Live-lining activity is beginning to wane as spot become harder to acquire and striped bass tend to be on the move. Spot can still be found in deeper waters over hard bottom. The most productive live-lining for the best grade of striped bass tends to be along channel edges in 35 feet of water; Thomas Point remains popular.

The new moon has provided robust high tides which is good for shallow-water fishing along shorelines with topwater lures. The morning and evening hours offer the best times to fish and high flood or high ebb tides often offer the best fishing opportunities. Eastern Bay along with the Severn, Choptank, West, and Little Choptank rivers are just a few good places to fish along shorelines. In areas that are a little deeper or do not have thick grass, swimshads, jerkbaits and crankbaits can be a good choice.

White perch offer good fishing in the tidal creeks and rivers, usually in deeper water near structure such as oyster reefs or deep-water piers. Bottom rigs baited with pieces of bloodworm or dropper rigs with small soft plastic jigs are a good bet. Those fishing with small minnows may start to see yellow perch in selected tidal rivers. Bill Burton Fishing Pier State Park remains one of the best places to fish for shorebound anglers, and is open to the public from 7 a.m. until sunset each day.

Note to anglers: The Talbot County side of the Bill Burton piers will be closed from November 12, 2019 to April 1, 2020. Access to the park will still be permitted from sunrise to sunset. The Dorchester County side of the pier will remain open from 7 a.m.  to sunset.

Lower Bay

Reports of breaking fish and diving seagulls are widespread. Although most of the surface action is made up of small striped bass and a few bluefish, there can be rewards underneath the surface action. Often enough larger striped bass can be found holding close to the bottom. Jigging with large soft plastic jigs is one of the best ways to target this larger striped bass.

Trolling can be a good alternative near breaking fish or along channel edges where suspended striped bass may be found. Medium-sized bucktails, spoons and red or green hoses have been a few of the most popular choices for lures. The use of umbrella rigs has been popular and most everything is being pulled behind inline weights to get the offerings down to where the larger fish are holding.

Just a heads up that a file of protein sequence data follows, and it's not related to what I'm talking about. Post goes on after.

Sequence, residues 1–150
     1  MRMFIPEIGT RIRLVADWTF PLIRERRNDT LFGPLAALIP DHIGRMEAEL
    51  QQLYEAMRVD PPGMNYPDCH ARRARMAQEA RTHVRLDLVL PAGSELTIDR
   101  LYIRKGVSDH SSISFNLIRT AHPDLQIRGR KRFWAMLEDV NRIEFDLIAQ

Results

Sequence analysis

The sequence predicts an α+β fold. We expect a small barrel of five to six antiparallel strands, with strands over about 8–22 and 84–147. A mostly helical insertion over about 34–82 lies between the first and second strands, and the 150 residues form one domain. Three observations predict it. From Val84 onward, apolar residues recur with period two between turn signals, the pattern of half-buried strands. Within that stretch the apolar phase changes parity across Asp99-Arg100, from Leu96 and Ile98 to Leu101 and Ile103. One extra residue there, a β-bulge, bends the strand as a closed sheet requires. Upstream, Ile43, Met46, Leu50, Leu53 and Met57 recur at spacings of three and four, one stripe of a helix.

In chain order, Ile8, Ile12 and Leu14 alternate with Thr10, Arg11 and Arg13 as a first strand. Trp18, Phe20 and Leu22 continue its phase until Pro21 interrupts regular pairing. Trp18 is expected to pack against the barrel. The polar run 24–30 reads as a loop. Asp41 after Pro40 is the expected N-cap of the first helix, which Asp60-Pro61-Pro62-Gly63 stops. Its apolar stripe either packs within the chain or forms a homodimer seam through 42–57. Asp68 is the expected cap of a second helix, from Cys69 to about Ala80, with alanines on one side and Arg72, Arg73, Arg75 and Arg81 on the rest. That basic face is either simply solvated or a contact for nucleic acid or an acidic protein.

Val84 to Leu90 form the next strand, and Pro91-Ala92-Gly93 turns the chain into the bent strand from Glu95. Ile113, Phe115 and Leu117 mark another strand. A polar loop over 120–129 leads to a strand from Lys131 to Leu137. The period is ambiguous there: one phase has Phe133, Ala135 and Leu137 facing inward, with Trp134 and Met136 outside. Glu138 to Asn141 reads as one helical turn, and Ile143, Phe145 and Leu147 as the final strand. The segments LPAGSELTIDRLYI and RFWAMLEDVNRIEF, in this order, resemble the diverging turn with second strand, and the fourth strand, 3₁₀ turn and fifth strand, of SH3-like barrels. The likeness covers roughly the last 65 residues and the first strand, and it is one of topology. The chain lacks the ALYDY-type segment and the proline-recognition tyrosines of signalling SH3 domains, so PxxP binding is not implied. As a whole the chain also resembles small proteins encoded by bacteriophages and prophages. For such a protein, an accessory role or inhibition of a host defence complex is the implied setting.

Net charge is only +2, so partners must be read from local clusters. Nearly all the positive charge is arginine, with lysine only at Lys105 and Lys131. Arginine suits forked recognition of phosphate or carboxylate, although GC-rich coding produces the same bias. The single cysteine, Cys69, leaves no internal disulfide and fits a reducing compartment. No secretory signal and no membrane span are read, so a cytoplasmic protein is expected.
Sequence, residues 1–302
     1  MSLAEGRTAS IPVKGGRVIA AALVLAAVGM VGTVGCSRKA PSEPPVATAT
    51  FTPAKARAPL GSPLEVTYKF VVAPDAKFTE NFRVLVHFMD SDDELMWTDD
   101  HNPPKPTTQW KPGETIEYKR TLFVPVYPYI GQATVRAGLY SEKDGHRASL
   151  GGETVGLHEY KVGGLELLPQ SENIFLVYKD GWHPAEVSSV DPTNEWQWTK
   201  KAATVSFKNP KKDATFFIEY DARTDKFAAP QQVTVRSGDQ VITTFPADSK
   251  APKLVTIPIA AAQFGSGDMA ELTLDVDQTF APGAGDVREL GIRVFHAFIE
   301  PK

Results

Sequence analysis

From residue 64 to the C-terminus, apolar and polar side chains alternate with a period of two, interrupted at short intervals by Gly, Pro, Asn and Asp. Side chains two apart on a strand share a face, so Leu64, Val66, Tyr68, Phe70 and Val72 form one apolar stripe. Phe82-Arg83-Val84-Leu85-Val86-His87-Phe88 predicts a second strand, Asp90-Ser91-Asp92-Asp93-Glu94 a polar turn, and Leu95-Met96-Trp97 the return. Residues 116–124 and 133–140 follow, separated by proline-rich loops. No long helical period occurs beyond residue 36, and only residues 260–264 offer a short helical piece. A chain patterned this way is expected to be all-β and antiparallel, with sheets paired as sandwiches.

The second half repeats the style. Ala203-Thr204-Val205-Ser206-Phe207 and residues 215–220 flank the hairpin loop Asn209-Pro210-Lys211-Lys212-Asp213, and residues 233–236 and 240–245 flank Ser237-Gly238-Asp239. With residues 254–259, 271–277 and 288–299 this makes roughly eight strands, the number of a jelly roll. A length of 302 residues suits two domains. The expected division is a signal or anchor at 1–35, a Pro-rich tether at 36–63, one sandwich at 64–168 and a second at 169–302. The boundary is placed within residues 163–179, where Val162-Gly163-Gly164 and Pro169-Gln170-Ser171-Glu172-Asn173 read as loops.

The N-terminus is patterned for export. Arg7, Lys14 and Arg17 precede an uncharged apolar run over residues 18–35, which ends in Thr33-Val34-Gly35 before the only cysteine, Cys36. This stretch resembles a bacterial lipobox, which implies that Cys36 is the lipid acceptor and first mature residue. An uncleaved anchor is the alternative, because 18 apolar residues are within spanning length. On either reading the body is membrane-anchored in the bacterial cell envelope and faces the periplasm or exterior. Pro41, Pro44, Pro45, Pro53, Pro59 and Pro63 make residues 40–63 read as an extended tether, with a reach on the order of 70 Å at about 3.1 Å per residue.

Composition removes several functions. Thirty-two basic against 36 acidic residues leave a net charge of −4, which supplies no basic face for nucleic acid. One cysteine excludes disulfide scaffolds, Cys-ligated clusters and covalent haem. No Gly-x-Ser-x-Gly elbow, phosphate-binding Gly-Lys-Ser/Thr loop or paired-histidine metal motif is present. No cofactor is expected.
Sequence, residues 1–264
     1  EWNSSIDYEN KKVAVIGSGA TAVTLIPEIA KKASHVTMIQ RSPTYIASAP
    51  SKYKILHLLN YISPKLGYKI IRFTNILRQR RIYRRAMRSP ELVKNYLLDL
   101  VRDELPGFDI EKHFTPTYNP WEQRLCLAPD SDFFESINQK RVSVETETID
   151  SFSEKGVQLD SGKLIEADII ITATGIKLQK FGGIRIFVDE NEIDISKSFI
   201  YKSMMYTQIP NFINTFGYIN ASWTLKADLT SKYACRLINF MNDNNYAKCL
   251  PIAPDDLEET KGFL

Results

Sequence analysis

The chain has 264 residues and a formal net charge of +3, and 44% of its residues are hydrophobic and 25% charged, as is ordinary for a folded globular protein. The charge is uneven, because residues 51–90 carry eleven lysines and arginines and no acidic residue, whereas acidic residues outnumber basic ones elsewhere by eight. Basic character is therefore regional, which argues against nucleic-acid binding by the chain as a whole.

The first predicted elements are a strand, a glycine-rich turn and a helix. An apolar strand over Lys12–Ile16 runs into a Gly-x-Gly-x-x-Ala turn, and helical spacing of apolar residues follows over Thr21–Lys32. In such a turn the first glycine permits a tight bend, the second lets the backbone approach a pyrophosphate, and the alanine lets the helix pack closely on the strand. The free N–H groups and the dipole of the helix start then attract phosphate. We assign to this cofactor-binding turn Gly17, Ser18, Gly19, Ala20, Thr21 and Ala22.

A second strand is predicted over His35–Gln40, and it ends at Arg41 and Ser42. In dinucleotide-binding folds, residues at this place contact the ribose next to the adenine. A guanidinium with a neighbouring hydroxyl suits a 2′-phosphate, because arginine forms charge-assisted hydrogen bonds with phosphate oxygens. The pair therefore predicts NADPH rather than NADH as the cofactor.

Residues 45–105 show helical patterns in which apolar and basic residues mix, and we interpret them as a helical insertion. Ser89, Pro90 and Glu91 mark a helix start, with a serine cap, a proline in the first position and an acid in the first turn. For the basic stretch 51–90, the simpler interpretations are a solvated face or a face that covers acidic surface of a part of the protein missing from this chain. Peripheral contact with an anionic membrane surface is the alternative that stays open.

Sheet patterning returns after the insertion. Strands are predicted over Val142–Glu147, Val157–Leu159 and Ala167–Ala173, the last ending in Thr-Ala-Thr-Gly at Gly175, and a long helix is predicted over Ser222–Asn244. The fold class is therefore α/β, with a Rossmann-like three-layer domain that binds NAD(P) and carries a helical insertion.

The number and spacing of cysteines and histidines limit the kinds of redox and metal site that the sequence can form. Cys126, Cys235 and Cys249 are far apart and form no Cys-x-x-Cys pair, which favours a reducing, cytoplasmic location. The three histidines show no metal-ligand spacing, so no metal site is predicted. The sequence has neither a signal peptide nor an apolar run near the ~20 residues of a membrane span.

The shipping channel edges on both sides of the bay are a good place to explore this week as well as the lower Patuxent and Potomac rivers. Striped bass can be found north of the Route 301 Bridge on the Potomac, and the Morgantown Power Plant warm water discharge is always worth a peek.

Live-lining spot can still be a good way to target striped bass this week along steep channel edges when they can be found suspended. The steep edges from St. Georges Island to Piney Point in the lower Potomac River remains one of the best places to give it a try.

Casting topwater lures along shoreline structure such as points, shallow water grass, docks in the lower Patuxent, Potomac and St Marys rivers has been offering some fun fishing action during the morning and evening hours during high flood and high ebb tides. In deeper areas crankbaits, swimshads, and jerkbaits can also be very effective. On the eastern side of the Bay there is similar action with striped bass and the added bonus of speckled trout. The Hoopers Island area down to Pocomoke Sound all offers fun fishing with light tackle.